The government has signalled that it will leave no stone unturned in cleaning up the banking system. It has now asked banks to disclose the variations between the non-performing asset levels in their balance sheet and the levels arrived at following the asset quality review.
Railway Minister Piyush Goyal, stepping in for Finance Minister Arun Jaitley, who was busy at another event, said, “We are asking banks to show the deviation between their balance-sheet, the audited balance-sheet and the AQR numbers, which has put pressure on the banks to show the correct picture and not indulge in ever-greening.”
Goyal said this at a hurriedly convened press meet to counter Congress allegation that Prime Minister Narendra Modi had used an industry function on Wednesday to attack the Opposition on the eve of elections.
Goyal said the identification of NPAs and clean-up of the banking system have been going on since the Modi government came to power. Goyal said, “NPAs are a legacy issue that are being recognised only recently as per Reserve Bank of India Governor Urjit Patel.”
Pointing to the discrepancies during loan disbursement, Goyal said, “In March 2008, total lending of banks was ₹18.16 lakh crore; this grew to ₹52.15 lakh crore in March 2014. This reflects indiscriminate corporate lending during the Congress-led UPA regime.”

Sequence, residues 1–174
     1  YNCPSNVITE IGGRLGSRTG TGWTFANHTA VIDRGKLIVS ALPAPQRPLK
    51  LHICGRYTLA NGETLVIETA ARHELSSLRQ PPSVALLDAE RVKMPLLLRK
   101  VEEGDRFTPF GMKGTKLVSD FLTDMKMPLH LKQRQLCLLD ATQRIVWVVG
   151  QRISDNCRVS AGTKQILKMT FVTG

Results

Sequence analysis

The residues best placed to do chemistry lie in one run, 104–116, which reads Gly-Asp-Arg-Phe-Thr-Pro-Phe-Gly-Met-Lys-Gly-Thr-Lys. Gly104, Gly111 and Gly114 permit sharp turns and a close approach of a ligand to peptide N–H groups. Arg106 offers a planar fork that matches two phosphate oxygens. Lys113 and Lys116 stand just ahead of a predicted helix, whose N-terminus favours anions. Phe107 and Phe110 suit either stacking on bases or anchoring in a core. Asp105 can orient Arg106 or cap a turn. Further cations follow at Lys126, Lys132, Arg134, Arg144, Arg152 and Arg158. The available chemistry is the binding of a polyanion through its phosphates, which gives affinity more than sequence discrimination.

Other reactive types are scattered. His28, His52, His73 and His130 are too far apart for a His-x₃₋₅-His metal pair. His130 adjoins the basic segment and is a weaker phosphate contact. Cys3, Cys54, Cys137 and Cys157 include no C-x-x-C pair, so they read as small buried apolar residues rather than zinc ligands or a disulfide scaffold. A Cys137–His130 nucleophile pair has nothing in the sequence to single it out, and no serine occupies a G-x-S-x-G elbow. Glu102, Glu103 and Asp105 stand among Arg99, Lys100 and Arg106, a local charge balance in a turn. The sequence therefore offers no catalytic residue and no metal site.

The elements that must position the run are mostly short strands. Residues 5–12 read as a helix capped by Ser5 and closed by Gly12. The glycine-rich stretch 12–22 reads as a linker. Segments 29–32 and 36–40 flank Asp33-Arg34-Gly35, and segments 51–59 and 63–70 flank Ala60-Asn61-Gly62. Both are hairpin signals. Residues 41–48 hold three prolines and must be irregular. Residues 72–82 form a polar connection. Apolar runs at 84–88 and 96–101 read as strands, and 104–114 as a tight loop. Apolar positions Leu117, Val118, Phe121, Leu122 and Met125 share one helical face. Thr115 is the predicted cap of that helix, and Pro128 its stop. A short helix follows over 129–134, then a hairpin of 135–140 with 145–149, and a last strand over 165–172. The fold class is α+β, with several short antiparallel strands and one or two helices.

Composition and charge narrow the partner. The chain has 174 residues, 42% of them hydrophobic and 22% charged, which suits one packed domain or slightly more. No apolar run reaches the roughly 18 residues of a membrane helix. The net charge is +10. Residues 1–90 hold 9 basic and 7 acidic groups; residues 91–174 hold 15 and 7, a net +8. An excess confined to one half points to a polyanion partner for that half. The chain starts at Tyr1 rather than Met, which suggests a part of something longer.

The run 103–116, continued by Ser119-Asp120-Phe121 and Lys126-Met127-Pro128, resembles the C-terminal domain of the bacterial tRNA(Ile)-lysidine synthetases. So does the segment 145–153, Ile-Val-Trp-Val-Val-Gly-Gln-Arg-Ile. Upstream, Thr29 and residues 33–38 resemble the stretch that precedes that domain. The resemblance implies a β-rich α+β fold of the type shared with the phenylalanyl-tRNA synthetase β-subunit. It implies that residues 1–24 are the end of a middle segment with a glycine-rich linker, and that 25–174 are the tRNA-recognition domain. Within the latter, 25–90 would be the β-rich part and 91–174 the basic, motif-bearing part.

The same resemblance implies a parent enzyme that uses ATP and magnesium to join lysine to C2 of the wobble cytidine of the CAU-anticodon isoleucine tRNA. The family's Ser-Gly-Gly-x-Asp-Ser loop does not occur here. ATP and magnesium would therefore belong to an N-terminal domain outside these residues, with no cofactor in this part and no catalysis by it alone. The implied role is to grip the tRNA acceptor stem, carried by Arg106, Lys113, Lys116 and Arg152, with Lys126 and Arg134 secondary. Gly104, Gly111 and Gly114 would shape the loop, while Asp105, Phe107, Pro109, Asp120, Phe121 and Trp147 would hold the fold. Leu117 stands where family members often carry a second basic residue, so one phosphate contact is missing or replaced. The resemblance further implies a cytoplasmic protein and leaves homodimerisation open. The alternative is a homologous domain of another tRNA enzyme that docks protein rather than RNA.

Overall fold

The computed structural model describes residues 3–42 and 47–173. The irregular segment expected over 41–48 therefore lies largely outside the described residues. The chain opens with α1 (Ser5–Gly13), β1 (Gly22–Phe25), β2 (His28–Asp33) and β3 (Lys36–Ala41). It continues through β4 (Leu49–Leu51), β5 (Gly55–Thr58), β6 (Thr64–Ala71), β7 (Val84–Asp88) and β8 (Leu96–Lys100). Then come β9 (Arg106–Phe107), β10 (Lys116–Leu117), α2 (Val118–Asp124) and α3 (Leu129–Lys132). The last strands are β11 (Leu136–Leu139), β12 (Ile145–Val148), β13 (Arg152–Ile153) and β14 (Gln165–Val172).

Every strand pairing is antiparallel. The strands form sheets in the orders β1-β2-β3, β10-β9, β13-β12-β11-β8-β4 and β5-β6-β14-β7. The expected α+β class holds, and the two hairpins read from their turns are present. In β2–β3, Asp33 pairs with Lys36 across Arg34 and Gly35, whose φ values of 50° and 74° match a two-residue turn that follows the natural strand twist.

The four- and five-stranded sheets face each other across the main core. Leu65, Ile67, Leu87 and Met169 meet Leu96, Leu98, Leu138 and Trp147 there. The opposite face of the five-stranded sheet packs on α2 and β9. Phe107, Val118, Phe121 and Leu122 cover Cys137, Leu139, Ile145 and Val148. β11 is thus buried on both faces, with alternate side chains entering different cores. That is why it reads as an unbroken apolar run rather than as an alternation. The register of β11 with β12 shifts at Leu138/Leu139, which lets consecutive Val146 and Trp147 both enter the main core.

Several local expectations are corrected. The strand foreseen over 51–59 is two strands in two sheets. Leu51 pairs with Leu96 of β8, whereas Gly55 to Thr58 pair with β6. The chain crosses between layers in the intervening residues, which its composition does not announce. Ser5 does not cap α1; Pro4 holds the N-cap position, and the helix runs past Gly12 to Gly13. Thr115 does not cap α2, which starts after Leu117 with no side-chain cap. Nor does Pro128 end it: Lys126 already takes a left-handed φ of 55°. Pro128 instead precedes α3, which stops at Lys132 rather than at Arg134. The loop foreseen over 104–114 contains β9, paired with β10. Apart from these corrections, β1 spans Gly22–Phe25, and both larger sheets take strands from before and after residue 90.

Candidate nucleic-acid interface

“It was unfortunate that earlier NPA accounts were not shown, ever-greening was done and NPAs were hidden by restructuring mechanisms such as corporate debt restructuring,” he added.
“In March 2014, 36 per cent of stressed assets were identified as NPAs; in June 2017, this jumped to 82 per cent,” he said.
Goyal said the government is working to ensure transparent proceedings against defaulters. “In June 2017, the RBI had identified 12 of the biggest loan defaulters. Their collective borrowings amounted to ₹1.75 lakh crore, or one-fourth of total NPAs. Legal processes have been initiated and the cases have been referred to the National Company Law Tribunal,” he added.
Asked about concerns relating to the use of deposits to “bail in” lenders, Goyal reiterated that “depositors’ money will be safe within the banking system. No public sector bank has failed…but if there are any loopholes in the Financial Resolution and Deposit Insurance Bill, 2017, it can be plugged.”